Memphis is Reopening: Get Your Nonprofit Ready

Continue to encourage telework, whenever possible and feasible with business operations

If possible, return to work in phases

Close common areas where personnel are likely to congregate and interact, and enforce strict social distancing guidelines

Minimize non-essential travel and adhere to CDC guidelines regarding isolation during travel

Provide special accommodations for personnel who are members of a vulnerable population

Actively encourage employees who are sick or have sick family members to stay home

Identify a workplace coordinator responsible for COVID-19 issues and workplace impacts

Assess where and how workers and customers might be exposed to COVID-19 on-site

Perform routine cleaning and disinfection, especially of high-touch surfaces (e.g., doorknobs, elevators, tables)

Increase ventilation by opening windows or adjusting air conditioning

Educate employees about how they can reduce the spread of COVID-19 (e.g., avoid physical contact and face-touching, encourage use of personal hygiene such as regular hand washing)

Provide workers with personal protective equipment (e.g., face coverings, gloves) and make hand hygiene supplies widely available (e.g., hand sanitizer, washing stations)

Establish policies/practices for social distancing (e.g., staggered shifts, use of scheduling to influence customer flow)

Promote tap and pay to limit handling of cash; use online transactions whenever possible

Require face masks for all employees.

Require symptom checks for all employees.

Establish work arrangements by which employees are spaced at least six feet from one another

Do not share phones or headsets

You are not mandated by the government to reopen today. Discuss your reopening timeline with your executive staff and board to create a plan for your organization.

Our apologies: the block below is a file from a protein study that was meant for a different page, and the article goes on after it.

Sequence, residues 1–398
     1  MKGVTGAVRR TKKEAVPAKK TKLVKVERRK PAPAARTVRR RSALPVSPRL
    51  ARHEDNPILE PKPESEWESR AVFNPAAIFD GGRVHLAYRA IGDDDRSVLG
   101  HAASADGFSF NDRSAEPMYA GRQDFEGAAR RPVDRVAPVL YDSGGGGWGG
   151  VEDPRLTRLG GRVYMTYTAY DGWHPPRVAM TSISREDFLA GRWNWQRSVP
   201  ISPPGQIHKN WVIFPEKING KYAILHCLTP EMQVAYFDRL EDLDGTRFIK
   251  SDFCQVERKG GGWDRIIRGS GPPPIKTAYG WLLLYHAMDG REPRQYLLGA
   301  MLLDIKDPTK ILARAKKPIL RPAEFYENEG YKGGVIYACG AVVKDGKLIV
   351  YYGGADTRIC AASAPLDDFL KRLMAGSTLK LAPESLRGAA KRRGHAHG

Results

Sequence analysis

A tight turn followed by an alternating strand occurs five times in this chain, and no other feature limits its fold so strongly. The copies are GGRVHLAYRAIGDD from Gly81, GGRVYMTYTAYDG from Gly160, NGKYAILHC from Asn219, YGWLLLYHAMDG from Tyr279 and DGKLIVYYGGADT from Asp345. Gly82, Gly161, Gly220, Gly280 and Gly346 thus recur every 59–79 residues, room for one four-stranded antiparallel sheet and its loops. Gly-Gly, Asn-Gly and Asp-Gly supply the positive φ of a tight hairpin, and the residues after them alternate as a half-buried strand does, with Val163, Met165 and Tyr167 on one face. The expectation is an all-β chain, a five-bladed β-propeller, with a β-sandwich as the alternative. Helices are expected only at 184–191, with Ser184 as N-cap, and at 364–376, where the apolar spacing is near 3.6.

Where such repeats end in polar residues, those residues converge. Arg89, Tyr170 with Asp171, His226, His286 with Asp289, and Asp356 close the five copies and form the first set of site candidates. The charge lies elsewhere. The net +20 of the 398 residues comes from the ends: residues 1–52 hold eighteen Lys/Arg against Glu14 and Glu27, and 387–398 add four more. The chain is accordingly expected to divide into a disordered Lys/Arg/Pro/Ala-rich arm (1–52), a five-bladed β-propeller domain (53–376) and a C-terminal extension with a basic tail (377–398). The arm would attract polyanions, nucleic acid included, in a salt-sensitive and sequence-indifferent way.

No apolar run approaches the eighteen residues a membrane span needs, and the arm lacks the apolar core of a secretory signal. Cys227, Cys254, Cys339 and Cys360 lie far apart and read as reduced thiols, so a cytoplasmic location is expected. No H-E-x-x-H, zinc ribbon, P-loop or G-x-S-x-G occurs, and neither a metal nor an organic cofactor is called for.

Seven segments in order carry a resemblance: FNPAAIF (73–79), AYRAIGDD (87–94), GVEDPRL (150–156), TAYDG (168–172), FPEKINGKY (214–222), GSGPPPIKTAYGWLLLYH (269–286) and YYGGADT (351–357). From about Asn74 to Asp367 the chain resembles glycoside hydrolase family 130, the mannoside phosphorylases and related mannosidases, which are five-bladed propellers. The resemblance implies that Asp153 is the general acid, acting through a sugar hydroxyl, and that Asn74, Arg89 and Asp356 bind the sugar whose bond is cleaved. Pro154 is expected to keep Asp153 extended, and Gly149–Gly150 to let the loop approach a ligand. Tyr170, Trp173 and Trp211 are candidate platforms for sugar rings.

Monitor the infection statistics of the city and state. Be proactive in closing if the infection rates increases — don’t wait for a government mandate.

Create more flexible guidelines for working remotely and paid time off.

Relax your dress code. Wearing a mask is uncomfortable. The rest of your staff’s wardrobe shouldn’t be.

Provide paid sick leave for all staff members.

Monitor your staff’s mental health and encourage self care.

Require all visitors entering your space to wear a mask or face covering. Where available, provide face coverings for your clients.

Mark off your floors and create routes for navigating the office, standing in line for services, bathroom use, etc.

Change your air filters more often than usual.




Building the nonprofit sector through equitable, measurable, and lasting change in Memphis, TN.

Love podcasts or audiobooks? Learn on the go with our new app.

Recommended from Medium

Enterprise Agreements

3 Enjoyable Ways (that I’ve used) to Make Money and Support your Dream

A Day in the Life of a Frontend Developer Intern at IBM

Inspirational Women In Hollywood: How Kalen Bull Is Helping To Shake Up The Entertainment Industry

I know Something You Don’t Know — How Not to Interview

7 Incredible Ways Technology is Minimizing Strain At the Workplace

Why Haven’t I Been Hired After Many Job Applications?

Transitioning from Operations to Management

Get the Medium app

A button that says 'Download on the App Store', and if clicked it will lead you to the iOS App store
A button that says 'Get it on, Google Play', and if clicked it will lead you to the Google Play store
Momentum Nonprofit Partners

Momentum Nonprofit Partners

Building the nonprofit sector through equitable, measurable, and lasting change in Memphis, TN.

More from Medium

The F Word: Preventing the Fertility Freakout

Why Are Some Employees Quitting Their 9-to-5 Jobs To Be Their Own Boss During the Pandemic?

Knowing what to do but doing Nothing

My Friends as Emojis